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Work at Home Forrest City AR

Work at home jobs include data entry jobs, proofreading jobs, transcription jobs, translation jobs, online tutoring jobs and more. See below for work at home jobs in Forrest City for freelance writers, telemarketers, and online shop owners, as well as advice on how to find a work at home job.

Arkansas Workforce Center at Forrest City
(870) 633-2900
300 Eldridge Road, Suite 2
Forrest City, AR
 
Arkansas WorkForce Center - Marianna
(870) 295-9529
448 Alabama
Marianna, AR
 
International Brotherhood Of Electrical Workers Local 647
(501) 548-6050
2850 Prince St
Conway, AR
 
Arkansas Department of Workforce Services
(501) 268-8601
501 West Arch St.
Searcy, AR
 
Arkansas Workforce Center at Pine Bluff
(870) 575-9797
3135 W. 28th St., Regency Square
Pine Bluff, AR
 
Arkansas WorkForce Center
(870) 238-3117
1790 North Falls Blvd., Suite 3
Wynne, AR
 
TEC Staffing Services
(479) 785-3022
19th & Rogers
Fort Smith, AR

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Uaw
(501) 327-9210
1762 Inc 2480 Blaney Hill Rd
Conway, AR
 
United Steel Workers Local 884
(479) 968-5643
309 Weir Rd
Russellville, AR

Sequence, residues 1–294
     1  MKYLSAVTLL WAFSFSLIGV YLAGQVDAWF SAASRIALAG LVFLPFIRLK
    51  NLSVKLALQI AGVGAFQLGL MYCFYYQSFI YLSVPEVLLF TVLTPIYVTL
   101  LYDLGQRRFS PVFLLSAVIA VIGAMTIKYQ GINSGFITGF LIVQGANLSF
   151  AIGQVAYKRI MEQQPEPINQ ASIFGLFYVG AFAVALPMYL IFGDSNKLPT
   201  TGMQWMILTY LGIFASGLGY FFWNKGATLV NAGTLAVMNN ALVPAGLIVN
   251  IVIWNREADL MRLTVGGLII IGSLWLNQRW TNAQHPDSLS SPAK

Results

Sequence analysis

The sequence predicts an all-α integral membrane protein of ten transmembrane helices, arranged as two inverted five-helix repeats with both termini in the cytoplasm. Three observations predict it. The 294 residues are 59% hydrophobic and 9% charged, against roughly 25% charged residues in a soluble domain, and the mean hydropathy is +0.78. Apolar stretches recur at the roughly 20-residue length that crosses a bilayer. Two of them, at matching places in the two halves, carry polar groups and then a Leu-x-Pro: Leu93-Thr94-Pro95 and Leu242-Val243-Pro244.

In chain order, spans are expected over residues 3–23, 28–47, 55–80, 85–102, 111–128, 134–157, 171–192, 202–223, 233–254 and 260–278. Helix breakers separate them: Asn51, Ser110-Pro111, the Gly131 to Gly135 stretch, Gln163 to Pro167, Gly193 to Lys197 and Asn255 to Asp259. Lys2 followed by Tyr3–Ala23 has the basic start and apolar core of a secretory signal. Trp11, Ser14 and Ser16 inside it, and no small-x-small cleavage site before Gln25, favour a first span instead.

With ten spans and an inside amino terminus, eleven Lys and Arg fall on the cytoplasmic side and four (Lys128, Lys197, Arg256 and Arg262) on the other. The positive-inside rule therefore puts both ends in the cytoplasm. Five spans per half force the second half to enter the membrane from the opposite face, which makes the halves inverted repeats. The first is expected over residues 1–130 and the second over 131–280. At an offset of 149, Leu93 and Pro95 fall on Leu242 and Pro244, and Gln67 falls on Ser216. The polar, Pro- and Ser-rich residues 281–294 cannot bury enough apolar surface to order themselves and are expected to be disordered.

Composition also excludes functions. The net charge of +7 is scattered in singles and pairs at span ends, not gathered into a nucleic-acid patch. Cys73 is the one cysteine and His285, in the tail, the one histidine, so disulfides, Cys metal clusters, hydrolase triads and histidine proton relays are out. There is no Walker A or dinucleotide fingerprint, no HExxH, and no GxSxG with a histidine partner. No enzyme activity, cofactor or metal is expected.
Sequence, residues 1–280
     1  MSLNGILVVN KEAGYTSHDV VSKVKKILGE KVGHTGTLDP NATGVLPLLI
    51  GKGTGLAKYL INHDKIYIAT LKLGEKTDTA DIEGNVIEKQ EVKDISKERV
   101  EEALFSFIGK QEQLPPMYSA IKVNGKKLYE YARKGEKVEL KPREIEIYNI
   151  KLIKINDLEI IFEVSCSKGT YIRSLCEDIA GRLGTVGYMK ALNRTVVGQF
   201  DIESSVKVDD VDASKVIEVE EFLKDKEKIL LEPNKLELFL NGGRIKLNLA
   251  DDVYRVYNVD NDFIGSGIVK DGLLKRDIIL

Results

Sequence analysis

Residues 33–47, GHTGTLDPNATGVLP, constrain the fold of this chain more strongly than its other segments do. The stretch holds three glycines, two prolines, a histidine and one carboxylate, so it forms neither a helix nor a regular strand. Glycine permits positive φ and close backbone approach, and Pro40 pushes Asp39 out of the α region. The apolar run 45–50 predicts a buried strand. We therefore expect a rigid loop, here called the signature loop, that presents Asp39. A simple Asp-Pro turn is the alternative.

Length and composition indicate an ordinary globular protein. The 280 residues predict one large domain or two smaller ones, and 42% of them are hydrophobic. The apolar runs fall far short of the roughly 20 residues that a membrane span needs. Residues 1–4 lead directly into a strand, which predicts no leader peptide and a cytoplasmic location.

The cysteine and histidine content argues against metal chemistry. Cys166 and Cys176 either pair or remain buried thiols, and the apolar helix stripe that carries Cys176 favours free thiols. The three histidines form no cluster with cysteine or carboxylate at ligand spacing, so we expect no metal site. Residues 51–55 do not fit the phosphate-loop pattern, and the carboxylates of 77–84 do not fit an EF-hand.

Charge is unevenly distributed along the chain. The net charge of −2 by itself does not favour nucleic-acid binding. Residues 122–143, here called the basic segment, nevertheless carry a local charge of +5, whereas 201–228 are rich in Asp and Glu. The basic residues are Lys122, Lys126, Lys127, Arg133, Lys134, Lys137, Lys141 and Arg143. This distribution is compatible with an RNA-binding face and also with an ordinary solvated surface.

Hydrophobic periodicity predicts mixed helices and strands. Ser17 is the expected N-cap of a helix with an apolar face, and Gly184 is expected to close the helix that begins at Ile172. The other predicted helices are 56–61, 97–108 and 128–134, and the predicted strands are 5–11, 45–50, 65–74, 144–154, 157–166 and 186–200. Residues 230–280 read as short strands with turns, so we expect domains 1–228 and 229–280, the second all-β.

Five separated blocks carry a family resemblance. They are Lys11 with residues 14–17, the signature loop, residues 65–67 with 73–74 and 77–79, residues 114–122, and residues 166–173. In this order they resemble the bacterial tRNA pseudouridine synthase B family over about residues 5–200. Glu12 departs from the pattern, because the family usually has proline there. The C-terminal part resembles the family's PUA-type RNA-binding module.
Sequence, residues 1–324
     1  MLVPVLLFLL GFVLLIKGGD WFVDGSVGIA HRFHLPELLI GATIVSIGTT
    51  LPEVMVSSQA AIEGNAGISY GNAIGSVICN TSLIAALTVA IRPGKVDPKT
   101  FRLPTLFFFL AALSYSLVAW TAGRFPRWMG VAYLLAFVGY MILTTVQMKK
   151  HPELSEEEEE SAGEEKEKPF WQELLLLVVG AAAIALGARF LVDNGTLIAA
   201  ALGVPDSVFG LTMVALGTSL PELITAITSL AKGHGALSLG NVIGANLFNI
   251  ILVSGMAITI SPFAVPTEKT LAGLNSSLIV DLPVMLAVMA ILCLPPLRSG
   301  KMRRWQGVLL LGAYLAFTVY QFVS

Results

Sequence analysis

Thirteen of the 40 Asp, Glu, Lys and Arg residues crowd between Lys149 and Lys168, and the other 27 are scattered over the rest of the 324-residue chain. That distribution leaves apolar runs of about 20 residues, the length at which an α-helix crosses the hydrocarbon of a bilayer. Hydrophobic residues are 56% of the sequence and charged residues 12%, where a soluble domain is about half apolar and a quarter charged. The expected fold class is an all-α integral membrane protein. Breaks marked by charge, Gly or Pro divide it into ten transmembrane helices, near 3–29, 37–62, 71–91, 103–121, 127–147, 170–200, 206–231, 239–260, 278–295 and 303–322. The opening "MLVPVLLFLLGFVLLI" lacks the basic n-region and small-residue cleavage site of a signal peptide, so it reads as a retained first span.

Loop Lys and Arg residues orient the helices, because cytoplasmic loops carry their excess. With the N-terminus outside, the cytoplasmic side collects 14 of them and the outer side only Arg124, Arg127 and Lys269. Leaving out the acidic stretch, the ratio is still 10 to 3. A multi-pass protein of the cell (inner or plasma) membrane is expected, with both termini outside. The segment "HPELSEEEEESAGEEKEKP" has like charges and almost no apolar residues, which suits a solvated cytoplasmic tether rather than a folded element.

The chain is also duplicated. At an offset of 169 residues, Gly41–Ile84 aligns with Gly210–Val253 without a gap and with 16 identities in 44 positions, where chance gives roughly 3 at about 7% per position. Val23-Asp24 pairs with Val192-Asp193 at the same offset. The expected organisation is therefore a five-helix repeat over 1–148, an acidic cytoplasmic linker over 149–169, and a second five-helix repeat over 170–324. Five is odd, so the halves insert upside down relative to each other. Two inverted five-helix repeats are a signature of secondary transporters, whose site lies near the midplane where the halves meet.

Arkansas Workforce Center at Star City
(870) 628-1443
610 South Lincoln Street
Star City, AR
 
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Stay at Home Dad, Online Resources for Stay at Home Dads

The SAHD (stay-at-home dad) counterpart - MAWDAHS

RebelDad makes an impassioned argument for elevating the way we describe stay at home dads who look after kids:

So yesterday I was given another reminder that one of these days I should really start a blogroll for MAWDAHs... moms who go to work and are married to stay at home dads. Asha over at ParentHacks.com flagged this post by Mom 101 about her husband. It is a wonderful denunciation of the strange and irritating trend toward referring to male caregivers by female terms ("The Mommy," "Mr. Mom," etc.)

I was asked recently what the problem with Mr. Mom is, and Mom 101 nails a good chunk of it. Here's my take on why it's a problem:

  • It is unfair to women to "mom"ify the job. Calling a guy "Mr. Mom," implies mom ∗should∗ be the one behind the stroller. That ought to be pretty offensive nowadays.
  • It emphasizes the novelty of at-home fatherhood . A dad at the playground shouldn't be treated with any more surprise that a female surgeon in the operating room. Why should "Hey - that kid's caretaker is a ∗man∗!" be any less offensive than "Hey - that doctor/lawyer/exec is a ∗woman∗!"?
  • It glosses over the different skills that mothers and fathers bring to the table. Kyle Pruett at Yale has made a career of noting that men and women generally parent differently, and that kids are best served by both styles of play. Suggesting that a...

Click here to read the rest of this article from GreatDad.com